The story that helped build Nevada was that you came here, worked hard and could soon buy a home.
That story is being edited. Home prices are through the roof, especially in Reno.
It’s pretty well-known that apartment rents are rising in Nevada’s two urban hubs, Las Vegas and Reno. But home prices?
In Reno, the Reno-Gazette Journal recently reported that a home that cost you $135,000 in 2012 will cost you more than $320,000 today. For first time homeowners and millennials at the lower end of the pay scale, that kind of mortgage payment is almost impossible to make.
However, Mike Kazmierski with the Economic Development Authority of Western Nevada told KNPR's State of Nevada that while those prices seem high it is important to keep them in perspective.
"That same house that you're talking about for $320,000 - three bedroom, two car garage with a nice sized lot - that would be a million dollars in the Bay Area," he said.
He also believes that while prices have gone up dramatically they will now flatten out and stay in the $350,000 range for a while.
While the housing market jumps, the job market in Northern Nevada is also growing fast. But the worry is, while Reno’s economy grows, workers will stay away because they can’t afford to live there.
"If we cannot attract talent to this region, our tremendous success will be stifled," Kazmierski said.
But he believes salaries are catching up with the cost of living and there are more rental spaces coming online in the next few years that will be affordable.
Nancy Fennell is a realtor in Reno and she says a lack of affordable housing is a problem around the country. She told KNPR's State of Nevada that if a house is priced under $200,000 in Reno, the seller will get multiple offers quickly. To buy a home, she said buyers have to be smart about their offer and be pre-qualified for a loan by a bank but to get people to that point they're often rejected several times.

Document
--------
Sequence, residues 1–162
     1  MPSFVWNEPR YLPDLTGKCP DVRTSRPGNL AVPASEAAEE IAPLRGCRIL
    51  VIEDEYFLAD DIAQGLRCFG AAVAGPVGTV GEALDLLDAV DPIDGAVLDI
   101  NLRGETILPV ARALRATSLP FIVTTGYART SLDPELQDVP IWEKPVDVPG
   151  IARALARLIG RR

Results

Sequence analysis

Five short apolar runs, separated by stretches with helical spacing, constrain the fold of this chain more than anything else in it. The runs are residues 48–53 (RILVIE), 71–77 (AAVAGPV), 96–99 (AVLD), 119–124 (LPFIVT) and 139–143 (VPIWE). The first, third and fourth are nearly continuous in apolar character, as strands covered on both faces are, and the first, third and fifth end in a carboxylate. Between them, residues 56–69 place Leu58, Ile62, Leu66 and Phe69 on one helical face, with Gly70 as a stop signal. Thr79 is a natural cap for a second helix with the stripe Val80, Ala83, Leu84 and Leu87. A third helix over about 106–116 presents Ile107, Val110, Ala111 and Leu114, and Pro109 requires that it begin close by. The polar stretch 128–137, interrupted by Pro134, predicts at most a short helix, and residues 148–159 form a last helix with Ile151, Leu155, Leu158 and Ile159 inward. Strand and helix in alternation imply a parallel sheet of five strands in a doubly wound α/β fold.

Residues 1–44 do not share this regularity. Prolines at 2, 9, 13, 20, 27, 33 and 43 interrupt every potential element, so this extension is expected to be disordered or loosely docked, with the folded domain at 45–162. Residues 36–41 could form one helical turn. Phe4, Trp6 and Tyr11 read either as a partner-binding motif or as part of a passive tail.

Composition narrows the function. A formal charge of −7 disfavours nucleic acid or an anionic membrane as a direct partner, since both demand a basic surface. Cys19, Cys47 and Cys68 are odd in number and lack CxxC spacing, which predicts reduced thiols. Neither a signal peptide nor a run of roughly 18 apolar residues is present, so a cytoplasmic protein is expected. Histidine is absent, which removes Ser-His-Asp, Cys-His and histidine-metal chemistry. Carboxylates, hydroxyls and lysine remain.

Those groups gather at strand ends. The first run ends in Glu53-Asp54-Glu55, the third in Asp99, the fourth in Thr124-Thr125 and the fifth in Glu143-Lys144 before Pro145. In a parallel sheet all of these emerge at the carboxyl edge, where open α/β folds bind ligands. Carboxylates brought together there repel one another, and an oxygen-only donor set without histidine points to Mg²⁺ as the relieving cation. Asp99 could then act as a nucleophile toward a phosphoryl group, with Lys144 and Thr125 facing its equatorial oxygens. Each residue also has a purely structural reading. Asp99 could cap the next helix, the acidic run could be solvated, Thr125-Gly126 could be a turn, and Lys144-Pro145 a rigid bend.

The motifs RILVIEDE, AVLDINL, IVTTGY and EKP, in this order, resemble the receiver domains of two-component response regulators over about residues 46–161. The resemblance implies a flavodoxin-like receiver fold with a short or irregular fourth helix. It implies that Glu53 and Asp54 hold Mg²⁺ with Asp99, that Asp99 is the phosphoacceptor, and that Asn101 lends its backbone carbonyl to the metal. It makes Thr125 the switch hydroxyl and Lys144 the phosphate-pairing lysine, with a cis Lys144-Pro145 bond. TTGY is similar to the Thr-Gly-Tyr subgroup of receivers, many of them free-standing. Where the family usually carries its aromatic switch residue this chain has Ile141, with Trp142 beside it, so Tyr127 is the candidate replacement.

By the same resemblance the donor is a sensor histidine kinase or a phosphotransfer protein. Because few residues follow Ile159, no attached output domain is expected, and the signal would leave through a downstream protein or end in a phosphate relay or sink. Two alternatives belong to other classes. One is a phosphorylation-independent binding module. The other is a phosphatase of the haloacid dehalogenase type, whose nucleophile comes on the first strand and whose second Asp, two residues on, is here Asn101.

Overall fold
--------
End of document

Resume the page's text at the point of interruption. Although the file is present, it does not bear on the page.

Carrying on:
"People who are in the marketplace, looking, they are pretty educated about what's going on. They've looked at a lot of properties. They haven't been in first place but it's quick," she said.
Fennell said homebuilders are building homes in the affordable range, but the price of land and constructional materials are going up. Add to that, the credit market for home construction remains tight and homebuilders are struggling to build fast enough.
"They're going to build maybe in different ways," she said, "Maybe they're looking at not stick building which has been our single-family house market here."
A state senator, Patricia Farley, I-Las Vegas, has some ideas about fixing the affordable housing problem.
"I think it starts when we begin to meet with these companies, especially the big ones the Teslas.." she said.
She believes before the state gives out tax incentives to companies that they bee required to work with the city and regional planners to see if there are enough homes, schools, roads and other infrastructure for the influx of workers they'll bring.
Brian Bonnenfant is from the Center for Regional Studies at UNR. He said a report about what would happen with the economic improvements and more companies setting up shop in the Reno area was created and given to the local governments.
"The local governments are hamstrung by the tax structure," he said, "So, we have to wait for those revenues to come in."
He said fixing the property tax structure will help communities be ready for an influx of workers as the economy continues to recover.
Mike Kazmierski, Economic Development Authority of Western Nevada; State Sen. Patricia Farley, I-Las Vegas; Brian Bonnenfant, Center for Regional Studies at UNR; Nancy Fennell, Dickson Realty (Reno)
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